Tag Archives: restraint

Do you remember your first time?

16 Nov
My bedspace after one incidence of forced treatment by six people.

My bedspace after one incidence of forced treatment when I was restrained and injected on my bed by six people.

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Patient: When you’re unwell you need care. And what I got was punishment. So when I was unwell I was extremely stressed and I was anxious. And I was taken by the police from my bedroom, unlawfully as it turned out, erm, from my bedroom into hospital where I was assaulted by patients and staff and I was held down and drugged repeatedly. And nobody came and spoke to me and said this is what’s happening, this is the diagnosis you have, we think you’re experiencing this and this drug will help you. Nobody came and spoke to me. And instead what they did was I would just be on my bed, reading a book, or not reading a book, couldn’t read, I would be on my bed, doing something, minding my own business, and I would turn around and there’d be a team of six people with rubber gloves who would hold me down [Starts to cry], pull my trousers down and drug me. They didn’t tell me what the drug was, they didn’t tell me what the effects were, they didn’t tell me what to expect, they didn’t tell me how long it would last, they didn’t tell me what it was for. Nothing. And they would finish and they would climb off my bed and they would walk away. And I wouldn’t know when they would come back. And they did that, erm, over and over and over and over again over a period of several days. I don’t know what they were giving me and I only found out after I left and saw my medical notes some of the drugs they were giving me. Sometimes they’d make a mistake and they’d give me drugs twice. Even though I went to the counter to get my drugs, take them voluntarily, they would still hold me down and give me other drugs. [In a strong voice, stops crying] So in that context I don’t think medication was helpful. The approach was unhelpful. What that approach does is it makes people afraid to ask for help.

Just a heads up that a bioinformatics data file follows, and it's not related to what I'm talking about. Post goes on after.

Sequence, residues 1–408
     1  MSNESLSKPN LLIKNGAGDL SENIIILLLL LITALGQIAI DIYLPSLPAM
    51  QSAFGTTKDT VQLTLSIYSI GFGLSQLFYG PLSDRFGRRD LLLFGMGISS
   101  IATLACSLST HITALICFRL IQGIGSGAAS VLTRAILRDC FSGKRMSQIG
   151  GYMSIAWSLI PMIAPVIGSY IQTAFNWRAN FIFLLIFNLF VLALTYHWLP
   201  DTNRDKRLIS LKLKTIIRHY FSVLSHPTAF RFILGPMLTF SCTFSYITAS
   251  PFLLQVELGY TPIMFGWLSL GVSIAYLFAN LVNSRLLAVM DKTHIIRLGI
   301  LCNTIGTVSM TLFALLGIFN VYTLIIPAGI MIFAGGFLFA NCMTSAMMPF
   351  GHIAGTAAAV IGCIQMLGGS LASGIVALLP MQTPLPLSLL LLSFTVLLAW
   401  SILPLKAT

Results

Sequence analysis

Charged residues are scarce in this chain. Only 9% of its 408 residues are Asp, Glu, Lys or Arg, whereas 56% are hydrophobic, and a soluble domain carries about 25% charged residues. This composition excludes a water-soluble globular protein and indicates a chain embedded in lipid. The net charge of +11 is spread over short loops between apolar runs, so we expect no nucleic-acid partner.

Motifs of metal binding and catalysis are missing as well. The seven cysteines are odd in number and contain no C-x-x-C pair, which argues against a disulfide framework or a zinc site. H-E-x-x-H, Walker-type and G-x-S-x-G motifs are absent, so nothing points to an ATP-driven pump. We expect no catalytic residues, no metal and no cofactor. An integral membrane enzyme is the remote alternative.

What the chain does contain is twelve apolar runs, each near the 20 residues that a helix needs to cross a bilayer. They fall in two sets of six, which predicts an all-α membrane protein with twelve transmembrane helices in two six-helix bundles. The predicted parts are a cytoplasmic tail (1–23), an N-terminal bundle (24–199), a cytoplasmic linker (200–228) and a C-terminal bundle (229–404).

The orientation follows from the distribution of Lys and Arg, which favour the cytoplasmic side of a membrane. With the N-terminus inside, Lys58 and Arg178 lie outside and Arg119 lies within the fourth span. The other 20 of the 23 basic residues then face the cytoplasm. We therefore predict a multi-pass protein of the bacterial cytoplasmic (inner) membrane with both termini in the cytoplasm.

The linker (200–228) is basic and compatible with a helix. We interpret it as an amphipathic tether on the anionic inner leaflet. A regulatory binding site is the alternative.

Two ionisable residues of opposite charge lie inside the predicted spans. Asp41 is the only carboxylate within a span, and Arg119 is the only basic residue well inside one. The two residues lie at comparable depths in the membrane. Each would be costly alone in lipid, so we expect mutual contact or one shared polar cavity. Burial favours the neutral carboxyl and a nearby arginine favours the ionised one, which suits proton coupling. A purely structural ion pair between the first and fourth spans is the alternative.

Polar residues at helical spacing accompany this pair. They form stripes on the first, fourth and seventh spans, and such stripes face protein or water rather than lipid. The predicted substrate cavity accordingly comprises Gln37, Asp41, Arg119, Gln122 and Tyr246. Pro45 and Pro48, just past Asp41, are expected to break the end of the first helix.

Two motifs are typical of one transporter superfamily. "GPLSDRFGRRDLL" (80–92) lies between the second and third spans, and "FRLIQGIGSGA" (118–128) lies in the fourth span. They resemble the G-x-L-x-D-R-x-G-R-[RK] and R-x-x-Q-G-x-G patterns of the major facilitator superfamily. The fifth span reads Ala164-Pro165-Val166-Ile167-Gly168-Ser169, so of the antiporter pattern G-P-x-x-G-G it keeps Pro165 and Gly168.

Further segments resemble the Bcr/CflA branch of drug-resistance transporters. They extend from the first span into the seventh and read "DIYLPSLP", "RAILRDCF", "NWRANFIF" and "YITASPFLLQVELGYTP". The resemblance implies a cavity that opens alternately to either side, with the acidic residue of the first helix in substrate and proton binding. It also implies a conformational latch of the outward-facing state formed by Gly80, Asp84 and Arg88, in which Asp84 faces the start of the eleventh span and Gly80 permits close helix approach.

Interviewer: It’s incredibly brutal. Can I go and get you a tissue?

Patient: No, no, I come prepared. I always have tissues with me.

Interviewer: Are you okay to …

Patient: Yeah, yeah, I’m fine.

Interviewer: And that was your first experience of medication as well?

Patient: Exactly. I don’t, I don’t take … Well, before this experience, I didn’t take anything. I didn’t take aspirin, I didn’t take paracetamol. I didn’t even drink coffee. You know, I didn’t take any drugs. I had a fear of drugs. I had a fear of needles. I have low blood pressure so if you give me a needle I’ll faint. So if you want to give me a needle I need to be lying down, I need to be calm and then … Whatever. So, Close quoteser. So I’m, you know … Now I know a lot about drugs. [laughs] I know a lot about drugs. Erm, before that, no, that was my, that was my first experience of drugs.

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Do you remember your first time? I do. I remember the first time I was treated by force. I remember it very well. The account above is an unedited segment from the transcript of my February 2012 interview with a researcher. In it, I briefly describe my first time being treated by force. That interview was also the first time I’d been able to speak to anyone in detail about what had actually been done to me in hospital. I knew it would be difficult and emotional, but I forced myself to take that first step in speaking out as part of a research project. It was six months after I’d been discharged from an acute inpatient psychiatric ward but, even so, I was floored for a week by the emotion of the interview.

Then, the following month, I found myself tweeting in bursts, over the course of several hours, about my experience of being treated by force. That was the first time I’d conjured up those images in detail and written them down for others to read. As I tweeted, I shook, cried, felt sick – but kept going. I couldn’t turn it into a full blog post but instead wrote a short one (Treated like an animal) linking to the collated tweets. I hadn’t read them back till just now: I couldn’t. That blog post and collated tweets have since been read thousands of times.

Three months later, in June, mental health charity Mind launched a campaign to end use of face-down restraint on psychiatric wards and that prompted me to write about forced medication again (Restraint – 10 ways it harms psychiatric patients). That post was read even more times than the first, though the toll in writing it was, thankfully, less on me. That was because, this time, I wasn’t conjuring up images of what it was like to be forcibly medicated in order to convey a picture to the public: it was a more considered overview of the topic. Almost a year after discharge, it seemed I’d begun to attain some distance from what was done to me.